Apparently, this homework sheet was written in the 1950s.
The instructions were to have my child read the story aloud and talk about the events in the story. Okay, let’s do that. I get up 30 minutes before my first child has to be out the door. In fact, I am annoyed if I wake up a minute before the alarm goes off. I haven’t had eight hours of sleep in fifteen years. I need every second I can get. Apparently, Kit’s mom gets up an hour early to do P90X, shower and cook breakfast. She even made bacon and had time to clean up the grease? On school days in my house you get juice, a bowl of cereal or, if I’m feeling chipper, a waffle cooked in the toaster. I am not ashamed to admit I have given my children donuts and cake for breakfast. Of course, I didn’t give them both at the same time. Obviously, that would be unhealthy. Before Bill Cosby was an alleged rapist he had an excellent joke in his act about why cake is a suitable breakfast.
How did Kit’s mom have time to cook in between nagging children to get up, dressed and announcing the time over and over? And why in the hell is she feeding Kit’s dad? He needs to get up and 6, too and feed himself. Since she did cook the least he could do is put the newspaper away and actually have a conversation with his family. Is there really a difference between reading something on paper versus a phone? I ask this question because I was chastised by a passive aggressive old man in the doctors office. He walked into the waiting room and plopped down with a book in hand. I was seated directly across from him. The seats in waiting rooms should be arranged like a movie theater instead of like an AA meeting. I don’t want to make eye contact or have small talk with sick strangers. The chairs in my dentist’s office are so close together you could knock knees with someone.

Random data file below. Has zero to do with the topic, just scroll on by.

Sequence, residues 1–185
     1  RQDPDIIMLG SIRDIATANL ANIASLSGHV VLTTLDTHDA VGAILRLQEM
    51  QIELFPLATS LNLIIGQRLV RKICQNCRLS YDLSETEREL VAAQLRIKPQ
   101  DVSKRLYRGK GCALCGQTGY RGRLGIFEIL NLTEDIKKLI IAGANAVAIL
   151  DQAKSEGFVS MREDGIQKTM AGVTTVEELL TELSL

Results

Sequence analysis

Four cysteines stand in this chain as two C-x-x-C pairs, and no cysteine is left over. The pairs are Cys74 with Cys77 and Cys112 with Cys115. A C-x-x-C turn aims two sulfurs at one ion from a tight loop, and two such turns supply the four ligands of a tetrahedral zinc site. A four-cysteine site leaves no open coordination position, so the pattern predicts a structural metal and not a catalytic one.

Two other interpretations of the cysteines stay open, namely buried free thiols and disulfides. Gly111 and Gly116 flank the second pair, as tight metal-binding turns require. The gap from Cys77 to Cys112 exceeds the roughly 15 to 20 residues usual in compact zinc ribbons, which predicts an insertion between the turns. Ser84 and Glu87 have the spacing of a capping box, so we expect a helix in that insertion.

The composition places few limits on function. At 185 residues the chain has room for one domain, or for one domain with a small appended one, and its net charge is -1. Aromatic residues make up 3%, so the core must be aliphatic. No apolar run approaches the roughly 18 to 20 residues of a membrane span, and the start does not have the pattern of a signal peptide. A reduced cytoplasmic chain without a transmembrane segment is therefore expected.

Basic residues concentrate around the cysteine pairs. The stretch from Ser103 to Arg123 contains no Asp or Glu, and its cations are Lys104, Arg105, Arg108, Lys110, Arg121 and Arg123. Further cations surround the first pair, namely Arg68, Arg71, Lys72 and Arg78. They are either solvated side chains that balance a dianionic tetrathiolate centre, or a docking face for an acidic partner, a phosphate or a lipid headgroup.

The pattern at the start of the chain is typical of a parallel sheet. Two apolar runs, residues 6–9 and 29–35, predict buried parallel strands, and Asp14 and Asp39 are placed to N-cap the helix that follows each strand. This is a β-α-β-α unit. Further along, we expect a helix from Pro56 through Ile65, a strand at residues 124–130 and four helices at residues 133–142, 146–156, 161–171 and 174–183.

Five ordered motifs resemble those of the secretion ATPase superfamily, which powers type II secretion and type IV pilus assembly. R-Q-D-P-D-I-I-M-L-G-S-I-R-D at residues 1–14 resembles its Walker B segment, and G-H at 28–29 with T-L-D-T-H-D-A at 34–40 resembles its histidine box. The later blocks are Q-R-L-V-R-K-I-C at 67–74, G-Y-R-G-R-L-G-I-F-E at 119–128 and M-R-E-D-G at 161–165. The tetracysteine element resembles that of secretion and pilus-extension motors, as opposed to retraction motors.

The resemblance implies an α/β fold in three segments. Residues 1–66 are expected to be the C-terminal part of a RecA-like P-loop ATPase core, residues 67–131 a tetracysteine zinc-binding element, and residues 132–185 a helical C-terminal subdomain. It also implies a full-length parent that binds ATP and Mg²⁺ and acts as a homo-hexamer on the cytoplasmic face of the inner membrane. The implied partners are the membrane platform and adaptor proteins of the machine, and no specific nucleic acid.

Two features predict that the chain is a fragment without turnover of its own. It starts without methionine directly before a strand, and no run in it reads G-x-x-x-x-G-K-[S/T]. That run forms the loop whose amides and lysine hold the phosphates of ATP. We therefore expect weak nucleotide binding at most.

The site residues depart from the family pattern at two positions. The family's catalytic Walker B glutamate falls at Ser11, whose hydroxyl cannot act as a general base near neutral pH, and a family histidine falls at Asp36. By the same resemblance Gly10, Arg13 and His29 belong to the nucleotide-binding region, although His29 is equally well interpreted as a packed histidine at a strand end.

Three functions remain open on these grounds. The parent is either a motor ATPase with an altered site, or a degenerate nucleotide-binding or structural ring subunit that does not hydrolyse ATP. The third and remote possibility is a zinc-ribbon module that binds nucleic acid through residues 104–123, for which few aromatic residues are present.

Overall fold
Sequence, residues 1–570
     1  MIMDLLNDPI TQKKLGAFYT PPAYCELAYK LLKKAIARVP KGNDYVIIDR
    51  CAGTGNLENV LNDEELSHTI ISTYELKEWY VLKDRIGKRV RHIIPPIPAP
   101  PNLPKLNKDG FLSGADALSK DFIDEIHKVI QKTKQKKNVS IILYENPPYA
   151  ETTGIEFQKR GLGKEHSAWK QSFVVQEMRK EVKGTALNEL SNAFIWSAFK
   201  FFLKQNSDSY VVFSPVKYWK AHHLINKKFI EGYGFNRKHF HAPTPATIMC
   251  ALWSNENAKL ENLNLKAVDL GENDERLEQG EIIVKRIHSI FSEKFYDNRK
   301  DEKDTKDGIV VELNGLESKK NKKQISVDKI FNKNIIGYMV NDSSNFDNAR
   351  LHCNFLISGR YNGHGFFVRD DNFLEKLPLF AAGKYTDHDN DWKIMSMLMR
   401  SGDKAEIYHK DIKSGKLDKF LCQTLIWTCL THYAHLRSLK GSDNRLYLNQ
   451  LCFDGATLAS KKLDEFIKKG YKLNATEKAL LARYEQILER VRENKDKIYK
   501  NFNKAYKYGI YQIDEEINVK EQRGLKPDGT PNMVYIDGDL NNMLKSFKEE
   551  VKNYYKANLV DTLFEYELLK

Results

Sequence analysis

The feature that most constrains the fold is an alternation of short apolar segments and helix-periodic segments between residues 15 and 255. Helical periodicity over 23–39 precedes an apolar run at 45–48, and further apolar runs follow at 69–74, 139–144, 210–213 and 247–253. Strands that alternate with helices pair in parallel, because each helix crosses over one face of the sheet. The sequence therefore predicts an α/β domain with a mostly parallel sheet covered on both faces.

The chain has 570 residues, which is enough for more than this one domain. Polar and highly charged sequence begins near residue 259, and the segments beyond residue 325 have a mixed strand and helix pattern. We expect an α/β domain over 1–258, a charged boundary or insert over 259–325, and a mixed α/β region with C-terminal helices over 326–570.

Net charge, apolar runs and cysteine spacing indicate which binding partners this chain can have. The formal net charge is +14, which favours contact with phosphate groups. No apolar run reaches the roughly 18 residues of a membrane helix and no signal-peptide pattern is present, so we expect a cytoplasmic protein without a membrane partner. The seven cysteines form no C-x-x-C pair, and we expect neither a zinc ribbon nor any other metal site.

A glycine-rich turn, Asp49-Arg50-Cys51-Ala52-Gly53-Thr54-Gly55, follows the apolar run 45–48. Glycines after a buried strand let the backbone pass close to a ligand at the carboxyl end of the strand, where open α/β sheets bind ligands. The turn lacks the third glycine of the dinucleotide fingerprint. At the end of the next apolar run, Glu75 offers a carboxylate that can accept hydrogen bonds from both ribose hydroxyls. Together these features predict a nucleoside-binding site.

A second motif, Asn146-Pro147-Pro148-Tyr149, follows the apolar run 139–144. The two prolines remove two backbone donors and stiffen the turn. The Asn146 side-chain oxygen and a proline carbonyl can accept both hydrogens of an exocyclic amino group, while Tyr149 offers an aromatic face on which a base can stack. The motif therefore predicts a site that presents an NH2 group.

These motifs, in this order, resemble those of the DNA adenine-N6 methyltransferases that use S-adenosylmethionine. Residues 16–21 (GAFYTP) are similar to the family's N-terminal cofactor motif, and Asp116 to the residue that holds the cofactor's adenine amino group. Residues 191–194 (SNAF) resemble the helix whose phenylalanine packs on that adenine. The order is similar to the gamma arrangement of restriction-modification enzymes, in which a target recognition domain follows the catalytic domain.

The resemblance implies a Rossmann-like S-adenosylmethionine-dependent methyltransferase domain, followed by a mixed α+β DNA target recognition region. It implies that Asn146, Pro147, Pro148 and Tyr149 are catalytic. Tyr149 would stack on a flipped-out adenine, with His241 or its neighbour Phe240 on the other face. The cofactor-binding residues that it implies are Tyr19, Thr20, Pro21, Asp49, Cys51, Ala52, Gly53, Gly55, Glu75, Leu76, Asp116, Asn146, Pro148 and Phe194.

I could feel this older gentleman staring at me. I assumed he was admiring my beauty. I have reached the age where I only get second glances from men who wait in line for early bird specials. I didn’t look up from my phone until he began to read out loud. I quickly realized he wasn’t reading from his book. He was slowly reciting the sign posted above my head, “Please turn off all cell phones while in the waiting room and doctor’s office.” He didn’t have a phone. He was telling me to turn off my phone without telling me. I was minding my own business. The sound was turned off. There were three other people on their phones. I smiled and finished reading what I had started. Back off, grandpa. I won’t be pushed around. I paid a $35 co-pay to be here. I will use my damn phone if I want to. Afterall, I’m not some doormat like Kit’s mom.